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5 min reading time
That’s reeeaally top-level and oversimplified…just trying to make the definition as layperson-esque as possible. I’ll leave the details to the experts like Robert.
I reviewed the ISO 13485, and I agreed with Robert Packard comment.
Lucy Watkins, BA (Hons), ACIM
Kanwal Jit Singh
QS are product specific and define the safety and performance requirements of the product, while QMS are generic and also bring in focus the production, post production and regulatory framework in which the product is to be used.
ISO 9001 is a general QMS, with ISO 13485 being sector specific QMS for medical devices. There are other sector specific QMS – all of them incorporate specific requirements of the sector into the broad framework of ISO 9001. And IEC 62304 is QMS specific for software as a medical device or in a medical device.
ISO 14971 is referenced in ISO 13485 – hence is automatically linked and becomes part of the QMS.
Analogous to the game where you take a closeup picture of an item and try to guess what it might be, looking at a standard on its own leaves the average person wondering what parts are important and how it can apply to their day to day activities. I liked the slide set provided by Pratyesh but more context would be better.
Whenever possible find examples of the standard in context..
For example, here is an easy to read link for those creating software based devices and want to understand how ISO13485 fits in relation to ISO14971 and IEC 62304.
Bottom line – it is better to see how all the cogs inter-mesh within the standards than to try to understand each in isolation.
PS back to the original question -Can you describe ISO:13485 in a way everyone can understand? – the answer is “probably not! ” since every role will require a slightly different focus. Oversimplification of complex standards leads to leaving out important concepts (like risk) as Robert noted above.
Kanwal Jit Singh
Slides provided provided by GHTF which includes case studies, too. You may find it suitable.
Another one of our group members sent me an email earlier today where she said that she attended a course where ISO 13485 was treated as a slight variant on ISO 9001, and the topic of risk management did not even get its own slide. It is so important to understand the difference, so I feel compelled to add a little more.
In 1994 the ISO 9001 Standard was developed as a systematic approach to managing quality. In 1996 a similar standard was created for the Medical Device Industry (i.e. – ISO 13485). The ISO 13485 Standard is similar in structure to the ISO 9001 Standard, but the fundamental purpose is different. ISO 9001 is about providing customer satisfaction and continuous improvement, while ISO 13485 is about meeting customer requirements, regulatory requirements and maintaining effectiveness.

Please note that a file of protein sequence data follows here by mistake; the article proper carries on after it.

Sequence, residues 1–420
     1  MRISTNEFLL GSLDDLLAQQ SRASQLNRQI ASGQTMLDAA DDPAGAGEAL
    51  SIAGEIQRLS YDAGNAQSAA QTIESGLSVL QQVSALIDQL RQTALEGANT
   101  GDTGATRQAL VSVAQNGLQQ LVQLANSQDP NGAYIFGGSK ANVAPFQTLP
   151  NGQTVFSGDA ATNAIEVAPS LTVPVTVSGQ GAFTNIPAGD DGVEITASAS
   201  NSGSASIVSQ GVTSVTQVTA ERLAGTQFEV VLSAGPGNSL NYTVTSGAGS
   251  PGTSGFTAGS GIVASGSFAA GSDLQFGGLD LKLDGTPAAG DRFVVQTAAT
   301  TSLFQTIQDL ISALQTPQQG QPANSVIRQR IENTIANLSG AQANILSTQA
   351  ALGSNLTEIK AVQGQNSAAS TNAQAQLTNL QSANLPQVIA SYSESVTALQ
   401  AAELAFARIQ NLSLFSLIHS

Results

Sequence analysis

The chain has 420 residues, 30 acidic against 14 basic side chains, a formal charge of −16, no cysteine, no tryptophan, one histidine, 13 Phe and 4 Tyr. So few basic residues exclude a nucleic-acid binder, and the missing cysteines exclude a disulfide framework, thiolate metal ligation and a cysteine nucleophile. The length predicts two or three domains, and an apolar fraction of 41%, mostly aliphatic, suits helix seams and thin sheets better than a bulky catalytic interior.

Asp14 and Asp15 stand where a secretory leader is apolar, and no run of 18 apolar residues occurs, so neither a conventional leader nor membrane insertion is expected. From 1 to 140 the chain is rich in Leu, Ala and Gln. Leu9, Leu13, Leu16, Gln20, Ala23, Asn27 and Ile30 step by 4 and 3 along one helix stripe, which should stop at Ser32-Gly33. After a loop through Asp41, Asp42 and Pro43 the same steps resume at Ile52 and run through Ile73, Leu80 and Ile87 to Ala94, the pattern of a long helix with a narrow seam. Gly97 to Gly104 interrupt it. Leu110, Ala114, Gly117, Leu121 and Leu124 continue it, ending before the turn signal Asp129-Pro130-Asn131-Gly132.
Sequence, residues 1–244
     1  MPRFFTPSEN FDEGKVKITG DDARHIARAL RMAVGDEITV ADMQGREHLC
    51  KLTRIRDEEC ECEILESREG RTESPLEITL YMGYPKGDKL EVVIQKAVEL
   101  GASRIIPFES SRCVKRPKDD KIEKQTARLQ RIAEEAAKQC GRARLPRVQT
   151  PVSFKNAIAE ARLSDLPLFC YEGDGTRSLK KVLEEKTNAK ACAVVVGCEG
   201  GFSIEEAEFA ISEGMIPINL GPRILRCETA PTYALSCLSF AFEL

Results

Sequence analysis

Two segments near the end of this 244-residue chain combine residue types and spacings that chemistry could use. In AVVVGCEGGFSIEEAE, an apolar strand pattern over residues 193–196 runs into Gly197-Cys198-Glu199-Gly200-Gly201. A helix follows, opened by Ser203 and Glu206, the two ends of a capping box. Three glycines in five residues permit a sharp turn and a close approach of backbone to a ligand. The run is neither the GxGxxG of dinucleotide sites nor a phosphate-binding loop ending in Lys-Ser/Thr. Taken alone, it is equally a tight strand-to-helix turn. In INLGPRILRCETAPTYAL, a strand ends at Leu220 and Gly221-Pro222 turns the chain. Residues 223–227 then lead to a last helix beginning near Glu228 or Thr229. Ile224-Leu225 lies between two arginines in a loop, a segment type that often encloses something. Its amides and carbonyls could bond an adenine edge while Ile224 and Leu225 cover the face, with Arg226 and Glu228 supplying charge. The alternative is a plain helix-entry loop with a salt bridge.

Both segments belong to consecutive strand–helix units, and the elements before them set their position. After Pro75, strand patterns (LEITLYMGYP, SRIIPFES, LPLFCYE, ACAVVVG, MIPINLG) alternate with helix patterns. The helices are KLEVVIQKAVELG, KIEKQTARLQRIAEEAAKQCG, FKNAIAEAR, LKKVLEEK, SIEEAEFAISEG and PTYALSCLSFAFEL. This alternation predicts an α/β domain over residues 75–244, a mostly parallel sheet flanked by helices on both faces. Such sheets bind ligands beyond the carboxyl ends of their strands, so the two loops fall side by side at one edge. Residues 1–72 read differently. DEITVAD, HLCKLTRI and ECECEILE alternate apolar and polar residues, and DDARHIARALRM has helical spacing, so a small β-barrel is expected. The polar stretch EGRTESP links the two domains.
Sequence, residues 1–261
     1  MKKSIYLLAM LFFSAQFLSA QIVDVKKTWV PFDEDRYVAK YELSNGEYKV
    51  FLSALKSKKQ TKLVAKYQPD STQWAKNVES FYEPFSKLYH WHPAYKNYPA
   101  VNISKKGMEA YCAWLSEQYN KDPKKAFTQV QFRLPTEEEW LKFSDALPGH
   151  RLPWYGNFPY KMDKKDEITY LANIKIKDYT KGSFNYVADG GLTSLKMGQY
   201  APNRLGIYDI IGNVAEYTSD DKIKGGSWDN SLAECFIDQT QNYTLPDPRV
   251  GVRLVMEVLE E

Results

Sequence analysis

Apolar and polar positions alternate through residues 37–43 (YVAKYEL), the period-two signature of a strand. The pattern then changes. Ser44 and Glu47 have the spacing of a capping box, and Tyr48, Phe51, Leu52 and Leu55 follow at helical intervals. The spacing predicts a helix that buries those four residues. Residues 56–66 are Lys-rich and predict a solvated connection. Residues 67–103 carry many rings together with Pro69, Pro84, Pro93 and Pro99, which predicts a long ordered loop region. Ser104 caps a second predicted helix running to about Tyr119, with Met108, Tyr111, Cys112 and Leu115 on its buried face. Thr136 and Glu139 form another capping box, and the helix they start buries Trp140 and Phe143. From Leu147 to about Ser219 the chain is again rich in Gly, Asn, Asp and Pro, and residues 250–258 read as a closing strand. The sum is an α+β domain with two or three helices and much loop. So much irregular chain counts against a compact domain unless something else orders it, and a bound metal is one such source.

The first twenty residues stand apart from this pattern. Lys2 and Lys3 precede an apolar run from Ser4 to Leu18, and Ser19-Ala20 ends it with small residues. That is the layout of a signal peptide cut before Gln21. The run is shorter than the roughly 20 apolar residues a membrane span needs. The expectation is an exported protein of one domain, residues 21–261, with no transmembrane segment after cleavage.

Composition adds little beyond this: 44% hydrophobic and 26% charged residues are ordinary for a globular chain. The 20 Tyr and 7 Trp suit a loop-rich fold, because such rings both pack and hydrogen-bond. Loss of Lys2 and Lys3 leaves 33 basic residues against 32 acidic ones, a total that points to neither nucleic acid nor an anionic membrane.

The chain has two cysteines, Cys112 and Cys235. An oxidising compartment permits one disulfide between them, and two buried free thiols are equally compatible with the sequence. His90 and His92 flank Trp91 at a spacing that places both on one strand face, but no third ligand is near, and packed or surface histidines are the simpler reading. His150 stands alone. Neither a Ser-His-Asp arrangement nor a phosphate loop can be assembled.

With all that jargon, I think an example is needed…
Company ABC makes a super bandage to stop bleeding that works great on deep cuts. Customers want the super bandage to be made available over-the-counter (OTC). ABC also has complaints about the bandage being both too sticky and not sticky enough.
In a 9001 system, ABC makes new products that are OTC with both stronger adhesive and for sensitive skin with less aggressive adhesive. In a 13485 system, ABC must make sure that their product claims are allowed by the local and national regulations (OTC products may only be advertised for minor cuts and scrapes–not “deep cuts”). Also, ABC will need to perform specific performance and safety testing before submitting the two new versions of the bandage to the FDA.
The type of procedures and controls you need for a 9001 vs. a 13485 Quality Management System are quite different due to these different requirements.
ISO 9000 standards are based on improving factory performance through leadership and management practices. These improvements are generally guided and managed by following Quality Management Systems.
ISO 13485 standards are based on improving the performance of medical devices, business services, and regulatory compliance. The main purpose is to meet customers’ needs for producing quality medical devices & meeting regulatory compliance. Current Good Manufacturing Practices (CGMP, enforced by the FDA) can fall under the umbrella of ISO 13485 standards to help med-device manufacturing facilities prevent product and manufacturing defects.
Jean Bigoney, RAC, CQE
This training module on FDA QS requirements, while not describing ISO 13485, might also help:
Waqaas Ahmad Butt
Sarah H. Stec
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